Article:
Larger study confirms statins' role in preventing cardiac events

October 5, 2012
Larger study confirms statins' role in preventing cardiac events
A large and unselected community-based study has confirmed the results of randomized controlled trials that have found persistent statin use to be beneficial for the primary prevention of acute cardiac events; the study was published online Sept. 27 in The American Journal of Cardiology.

(HealthDay)—A large and unselected community-based study has confirmed the results of randomized controlled trials that have found persistent statin use to be beneficial for the primary prevention of acute cardiac events; the study was published online Sept. 27 in The American Journal of Cardiology.

Varda Shalev, M.D., from Tel Aviv University in Israel, and colleagues examined the effectiveness of in primary prevention of acute nonfatal in the community setting. Data were analyzed from a cohort of 171,535 adults aged 45 to 75 years, without cardiovascular disease, who were given statins between 1998 to 2009 in a large health maintenance organization in Israel.

The researchers found that the incidence of acute cardiovascular events during the 993,519 person-years of follow-up was 10.22 per 1,000 person-years. Persistence with statins correlated with significantly reduced risk of incident cardiac events. There was a hazard ratio of 0.58 for the most persistent users (covered with statins for 80 percent or more of their follow-up time) compared with non-persistent users (less than 20 percent of days covered). When the analyses were limited to patients with more than five years of follow-up, the results were similar. Treatment with high efficacy statins correlated with a reduced risk of cardiac events.

"In conclusion, our large and unselected community-based study supports the results of regarding the beneficial effect of statins in the primary prevention of acute cardiac events," the authors write.

Explore further: Statins appear associated with reduced risk of recurrent cardiovascular events in men, women

More information: Abstract
Full Text (subscription or payment may be required)

Related Stories

Statins appear associated with reduced risk of recurrent cardiovascular events in men, women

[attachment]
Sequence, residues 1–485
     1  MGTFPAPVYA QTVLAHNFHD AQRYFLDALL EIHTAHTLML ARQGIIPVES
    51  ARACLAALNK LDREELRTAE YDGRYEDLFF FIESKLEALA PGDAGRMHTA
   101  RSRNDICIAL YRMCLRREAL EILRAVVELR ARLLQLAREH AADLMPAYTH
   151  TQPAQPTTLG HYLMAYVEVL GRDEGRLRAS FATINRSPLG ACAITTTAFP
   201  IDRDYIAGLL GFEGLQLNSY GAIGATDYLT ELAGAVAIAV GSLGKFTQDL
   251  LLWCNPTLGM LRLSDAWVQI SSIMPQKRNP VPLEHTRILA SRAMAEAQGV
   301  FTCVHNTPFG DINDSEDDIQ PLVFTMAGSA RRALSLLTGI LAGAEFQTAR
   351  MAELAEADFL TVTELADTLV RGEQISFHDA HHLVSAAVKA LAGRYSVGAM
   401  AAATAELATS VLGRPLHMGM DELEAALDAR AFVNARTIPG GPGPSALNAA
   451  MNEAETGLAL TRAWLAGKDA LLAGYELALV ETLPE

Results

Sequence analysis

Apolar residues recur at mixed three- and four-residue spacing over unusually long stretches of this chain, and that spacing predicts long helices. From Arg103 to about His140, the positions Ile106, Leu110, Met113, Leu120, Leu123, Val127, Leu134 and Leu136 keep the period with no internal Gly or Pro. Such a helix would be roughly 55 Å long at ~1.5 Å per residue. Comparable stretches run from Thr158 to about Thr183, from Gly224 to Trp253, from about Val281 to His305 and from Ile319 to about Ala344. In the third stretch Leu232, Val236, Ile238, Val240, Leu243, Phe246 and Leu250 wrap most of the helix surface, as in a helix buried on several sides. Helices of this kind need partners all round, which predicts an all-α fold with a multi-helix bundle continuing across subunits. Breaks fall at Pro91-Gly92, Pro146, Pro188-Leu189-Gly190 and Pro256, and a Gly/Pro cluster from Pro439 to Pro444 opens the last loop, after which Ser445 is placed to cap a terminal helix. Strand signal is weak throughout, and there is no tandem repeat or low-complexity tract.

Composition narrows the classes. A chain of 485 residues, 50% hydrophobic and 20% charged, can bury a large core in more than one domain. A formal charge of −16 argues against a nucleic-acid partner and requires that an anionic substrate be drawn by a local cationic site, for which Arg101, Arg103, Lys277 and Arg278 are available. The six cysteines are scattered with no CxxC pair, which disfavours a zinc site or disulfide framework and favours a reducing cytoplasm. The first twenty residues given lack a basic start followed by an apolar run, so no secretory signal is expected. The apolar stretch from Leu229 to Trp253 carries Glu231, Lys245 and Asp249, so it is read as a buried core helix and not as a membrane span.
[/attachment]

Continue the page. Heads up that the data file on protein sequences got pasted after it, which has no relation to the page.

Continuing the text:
June 25, 2012
Cholesterol-lowering statin drugs appear to be associated with reduced risk of recurrent cardiovascular events in men and women, but do not appear to be associated with reduced all-cause mortality or stroke in women, according ...

Statins are unlikely to prevent blood clots, analysis finds

September 18, 2012
Despite previous studies suggesting the contrary, statins (cholesterol-lowering drugs) may not prevent blood clots (venous thrombo-embolism) in adults, according to a large analysis by international researchers published ...

Non-HDL-C level associated with risk of major cardiovascular events among patients taking statins

March 27, 2012
Levels of non-high-density lipoprotein cholesterol (non-HDL-C) among statin-treated patients appears to be associated with the risk of developing a major cardiovascular event, such as a heart attack or stroke, as are levels ...

Cardiovascular risk counseling improves statin adherence

May 31, 2012
(HealthDay) -- For patients taking statins for prevention of cardiovascular disease (CVD), extended care with nurse-led cardiovascular risk-factor counseling improves statin adherence and reduces anxiety, with improvements ...

Recommended for you

Saving hearts after heart attacks: Overexpression of a gene enhances repair of dead muscle

October 17, 2017
University of Alabama at Birmingham biomedical engineers report a significant advance in efforts to repair a damaged heart after a heart attack, using grafted heart-muscle cells to create a repair patch. The key was overexpressing ...

Physically active white men at high risk for plaque buildup in arteries

October 17, 2017
White men who exercise at high levels are 86 percent more likely than people who exercise at low levels to experience a buildup of plaque in the heart arteries by middle age, a new study suggests.

Blood cancer gene could be key to preventing heart failure

October 16, 2017
A new study, published today in Circulation, shows that the gene Runx1 increases in damaged heart muscle after a heart attack. An international collaboration led by researchers from the University of Glasgow, found that mice ...

Mitochondrial DNA could predict risk for sudden cardiac death, heart disease

October 11, 2017
Johns Hopkins researchers report that the level, or "copy number," of mitochondrial DNA—genetic information stored not in a cell's nucleus but in the body's energy-creating mitochondria—is a novel and distinct biomarker ...

Tai chi holds promise as cardiac rehab exercise

October 11, 2017
The slow and gentle movements of Tai Chi hold promise as an alternative exercise option for patients who decline traditional cardiac rehabilitation, according to preliminary research in Journal of the American Heart Association, ...

Meeting an unmet need: A surgical implant that grows with a child

October 10, 2017
Medical implants can save lives by correcting structural defects in the heart and other organs. But until now, the use of medical implants in children has been complicated by the fact that fixed-size implants cannot expand ...

2 comments

Adjust slider to filter visible comments by rank

Display comments: newest first

alfie_null
not rated yet Oct 06, 2012
Since it wasn't mentioned, should I assume the authors have never had any relation with pharma that manufactures statins?
Doug_Huffman
not rated yet Oct 06, 2012
=Null, it'll cost YOU US$32 to find out. Journal format requires conflict of interest notice in the full text. Never ass-u-me anything.

Please sign in to add a comment. Registration is free, and takes less than a minute. Read more

Click here to reset your password.
Sign in to get notified via email when new comments are made.